87% of millennials say their development in a job is essential. As a new generation of employees is promoted to their first supervisory or management role, organizations continue to fail to set them up for leadership success. One of the first lessons I learned as a new supervisor at the Ritz Carlton Hotel Company was that my customers were no longer my most important priority—it was now my employees (or my internal customers). Unfortunately, many new supervisors or managers do not know what focusing on and taking care of their employees really means.→ Read More
Traditionally, a six-figure salary and 401k options were enough to attract and retain top talent. We no longer live in a traditional world—and the modern workplace has come a long way from what it used to be. While these benefits are still important to employees, they’re not prioritized like they once were. Today, employees are more focused on finding a company that has a positive, strong company culture revolved around learning and growth.
To cater to the “modern” employee and remain competitive in your respective industry, you have to focus on the development of a strong company culture that supports learning and employee growth.→ Read More
When businesses need to balance the books, they tend to cut corners in areas where they find it difficult to prove a return on investment. For this reason, employee development is often an aspect that gets hit – if not by outright budget cuts, then by general neglect and a lack of increased investment.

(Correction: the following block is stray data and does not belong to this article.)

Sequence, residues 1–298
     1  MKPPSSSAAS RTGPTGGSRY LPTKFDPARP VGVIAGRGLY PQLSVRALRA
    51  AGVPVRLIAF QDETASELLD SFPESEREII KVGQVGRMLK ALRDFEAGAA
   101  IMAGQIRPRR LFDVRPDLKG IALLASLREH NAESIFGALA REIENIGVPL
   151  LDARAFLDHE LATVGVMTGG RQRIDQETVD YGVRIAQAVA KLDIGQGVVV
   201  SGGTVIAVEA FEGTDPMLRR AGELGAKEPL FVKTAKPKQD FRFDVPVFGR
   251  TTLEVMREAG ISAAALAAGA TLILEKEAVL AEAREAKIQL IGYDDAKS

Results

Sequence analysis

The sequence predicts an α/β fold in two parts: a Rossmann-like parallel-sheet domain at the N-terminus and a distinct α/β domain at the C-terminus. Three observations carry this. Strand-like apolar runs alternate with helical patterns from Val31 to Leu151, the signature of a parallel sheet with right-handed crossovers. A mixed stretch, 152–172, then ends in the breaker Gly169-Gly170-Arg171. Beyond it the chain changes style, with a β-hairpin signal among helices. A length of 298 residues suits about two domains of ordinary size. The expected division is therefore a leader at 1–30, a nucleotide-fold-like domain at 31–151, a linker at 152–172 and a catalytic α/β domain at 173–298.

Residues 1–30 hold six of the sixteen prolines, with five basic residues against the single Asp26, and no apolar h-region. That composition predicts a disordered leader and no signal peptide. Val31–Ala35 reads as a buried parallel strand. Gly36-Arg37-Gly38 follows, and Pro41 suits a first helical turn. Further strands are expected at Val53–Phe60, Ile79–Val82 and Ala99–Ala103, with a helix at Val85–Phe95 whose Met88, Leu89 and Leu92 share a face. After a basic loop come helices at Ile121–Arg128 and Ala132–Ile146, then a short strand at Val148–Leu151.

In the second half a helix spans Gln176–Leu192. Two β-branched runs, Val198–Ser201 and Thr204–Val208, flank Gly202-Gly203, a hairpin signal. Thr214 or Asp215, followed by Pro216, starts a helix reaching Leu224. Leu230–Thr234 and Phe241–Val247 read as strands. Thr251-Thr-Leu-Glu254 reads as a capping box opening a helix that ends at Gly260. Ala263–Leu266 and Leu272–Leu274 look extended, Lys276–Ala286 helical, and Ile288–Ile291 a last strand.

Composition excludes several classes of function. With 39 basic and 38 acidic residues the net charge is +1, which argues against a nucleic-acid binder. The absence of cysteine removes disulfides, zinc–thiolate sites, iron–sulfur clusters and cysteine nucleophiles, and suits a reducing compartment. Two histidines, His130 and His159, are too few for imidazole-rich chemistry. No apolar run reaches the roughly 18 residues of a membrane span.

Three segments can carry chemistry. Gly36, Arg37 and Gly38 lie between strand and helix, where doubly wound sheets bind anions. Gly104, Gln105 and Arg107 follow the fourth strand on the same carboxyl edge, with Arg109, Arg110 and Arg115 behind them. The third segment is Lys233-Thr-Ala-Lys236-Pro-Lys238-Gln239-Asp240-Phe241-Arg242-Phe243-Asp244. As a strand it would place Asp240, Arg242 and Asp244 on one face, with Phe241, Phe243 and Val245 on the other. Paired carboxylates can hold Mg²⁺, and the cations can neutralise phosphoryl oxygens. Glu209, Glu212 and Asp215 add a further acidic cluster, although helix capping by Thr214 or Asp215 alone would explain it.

Promoting in-house is a smart way to grow your business and invest in your staff towards leadership development. Companies that promote from within often have higher satisfaction ratings from employees and there’s nothing like the possibility of a promotion to keep your team working hard. According to Adam Foroughi, a co-founder and CEO:
“Outside hires can sap the motivation for mid-level and junior-level talent to work harder and move up the ladder. When you promote from within, your employees know that the sky’s the limit, so they always work hard and deliver more for your company.
It can be challenging and cumbersome to implement new HR technology in the workplace. According to a Brandon Hall Group study, 29% of workforce management solutions have been in place for five years or more and 45% wanted to alleviate the burden of manual tasks from HR. So, how exactly do you effectively implement HR technologies in the workplace? The success of a new HR technology rollout depends on several key aspects being clearly thought out beforehand. If the HR technology touches multiple people internally, it is important that all stakeholders are onboard from the beginning.→ Read More